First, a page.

Apr 3, 2013

FX Derivatives in Emerging Markets

Research and backward glances around the 2008 financial crisis often reference dark points in the derivatives industry, but a recent Bank of International Settlements (BIS) Quarterly Review offers a bright note with a study of FX hedges use by Chilean corporations.

Compared to other emerging market economies, Chile fared better than many of its peers - both inside and beyond Latin America. Numerix FX expert Udi Sela joins CMO and host James Jockle to discuss this new research highlighting the role FX derivatives may have played in the liquidity and resilience of its corporates, economy and derivatives markets.

Weigh in and continue the conversation on Twitter @nxanalytics, LinkedIn, or in the comments section below.

Video Transcript: FX Derivatives in Emerging Markets: Chilean Hedges and the Crisis

Jim Jockle (Host): A highlight has come out for derivatives usage in the Bank of International Settlements Report, as it relates to the use of FX hedges by the Chile to weather the storm through the Lehman Crisis, with me today, Udi Sela of Numerix, how are you Udi?  

Udi Sela (Guest): Thank you, nice being here Jim. Thank you.   

Jockle: Udi walk us through elements of the report. What was Chile doing in terms of hedging to recent market exposures?

Sela: Okay so let’s just be accurate, this is not really the Chilean Government, we’re talking here about the Chilean Banks, and the idea was unlike previous events occurring in emerging markets, the Chilean Corporates were hedged against FX exposure, so when the local currency was devalued, the local corporates did not take major hits, as oppose to crisis that we saw in similar cases in Korea, India, Brazil, and Mexico and so forth. This is basically what bis.org wanted to highlight.  

Jockle: And one of the elements that it highlighted was also that it went beyond just base level hedging and it was almost over hedging in many different ways. What kind of strategies do you think were being employed at that point and time.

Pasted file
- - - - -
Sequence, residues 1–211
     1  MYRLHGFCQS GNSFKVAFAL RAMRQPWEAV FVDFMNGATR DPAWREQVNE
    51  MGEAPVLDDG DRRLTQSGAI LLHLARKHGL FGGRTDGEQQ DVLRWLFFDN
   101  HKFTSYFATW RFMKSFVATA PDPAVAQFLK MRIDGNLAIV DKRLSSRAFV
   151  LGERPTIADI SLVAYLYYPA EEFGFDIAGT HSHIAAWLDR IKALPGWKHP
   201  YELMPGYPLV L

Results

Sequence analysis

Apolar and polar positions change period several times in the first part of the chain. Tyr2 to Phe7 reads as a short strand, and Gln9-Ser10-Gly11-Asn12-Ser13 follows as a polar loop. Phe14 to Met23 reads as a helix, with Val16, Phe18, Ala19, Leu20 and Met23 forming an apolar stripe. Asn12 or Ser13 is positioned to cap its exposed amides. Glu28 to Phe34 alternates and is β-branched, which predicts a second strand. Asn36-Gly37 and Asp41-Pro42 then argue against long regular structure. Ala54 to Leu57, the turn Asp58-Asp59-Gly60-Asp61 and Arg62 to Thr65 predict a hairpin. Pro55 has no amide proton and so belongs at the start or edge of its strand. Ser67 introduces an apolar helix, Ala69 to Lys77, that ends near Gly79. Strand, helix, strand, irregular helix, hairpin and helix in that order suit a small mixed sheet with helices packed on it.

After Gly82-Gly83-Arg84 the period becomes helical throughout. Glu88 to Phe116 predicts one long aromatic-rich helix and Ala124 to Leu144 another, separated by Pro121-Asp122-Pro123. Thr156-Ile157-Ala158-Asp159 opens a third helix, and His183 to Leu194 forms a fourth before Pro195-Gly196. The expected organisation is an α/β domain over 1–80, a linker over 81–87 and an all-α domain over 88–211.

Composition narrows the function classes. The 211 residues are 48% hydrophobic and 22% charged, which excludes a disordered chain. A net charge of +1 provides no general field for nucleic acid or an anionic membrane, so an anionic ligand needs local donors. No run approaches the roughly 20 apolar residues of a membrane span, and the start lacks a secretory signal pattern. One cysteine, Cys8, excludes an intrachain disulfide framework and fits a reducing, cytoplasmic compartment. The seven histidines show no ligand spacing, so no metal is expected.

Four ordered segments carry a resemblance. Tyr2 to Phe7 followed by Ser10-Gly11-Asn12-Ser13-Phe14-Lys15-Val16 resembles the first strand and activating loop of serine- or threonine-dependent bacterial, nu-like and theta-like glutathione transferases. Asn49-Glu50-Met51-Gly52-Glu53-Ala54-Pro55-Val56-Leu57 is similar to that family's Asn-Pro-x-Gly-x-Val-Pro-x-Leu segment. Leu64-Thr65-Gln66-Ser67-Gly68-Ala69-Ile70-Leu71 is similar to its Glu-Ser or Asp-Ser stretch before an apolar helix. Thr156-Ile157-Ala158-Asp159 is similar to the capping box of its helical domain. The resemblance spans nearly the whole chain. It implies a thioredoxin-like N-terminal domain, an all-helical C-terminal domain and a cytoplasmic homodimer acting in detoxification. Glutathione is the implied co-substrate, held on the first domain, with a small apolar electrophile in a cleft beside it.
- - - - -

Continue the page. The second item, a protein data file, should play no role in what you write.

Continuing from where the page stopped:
Sela: Well I would suspect that first of all these were mostly buy-only strategies, or strategies that involve banks sell but when the sell is in the right direction, in the sense that if the local country weakens, than it is good for the exporters.

Jockle: And looking ahead, what do you expect in terms of changes in the regulatory environment and the way that some emerging market banks are going to be looking at FX derivatives?

Sela: So in general I would say that still central banks would be cautious because of the misuse of exotic options in a way that was not really beneficial for corporates, so without really understanding what the risks associated with those trades were, I do think that central banks and governments would encourage putting good risk practices in place and usage of derivatives in a more beneficially intelligent way. I don’t think they will discourage people from using, but I think the requirement would be understanding what you do, because this was the main concern over the various crisis’ that we have crossed in the last few years.

Jockle: Udi thank you and the publication is available on the bis.org website, in terms of the case study it was part of the Quarterly Review. Udi thank you so much for joining us today and giving a little bit more color and insight on this recent publication.

Sela: Thank you my pleasure.

Jockle: And again, please feel free to follow Udi on LinkedIn, or join the conversation on twitter @nxanalytics or on our blog. Your feedback keeps us going. Thank you and have a great day.

Sela: Thank you.

Blog Post - Sep 24, 2010

Implementing Change in Derivatives Regulations

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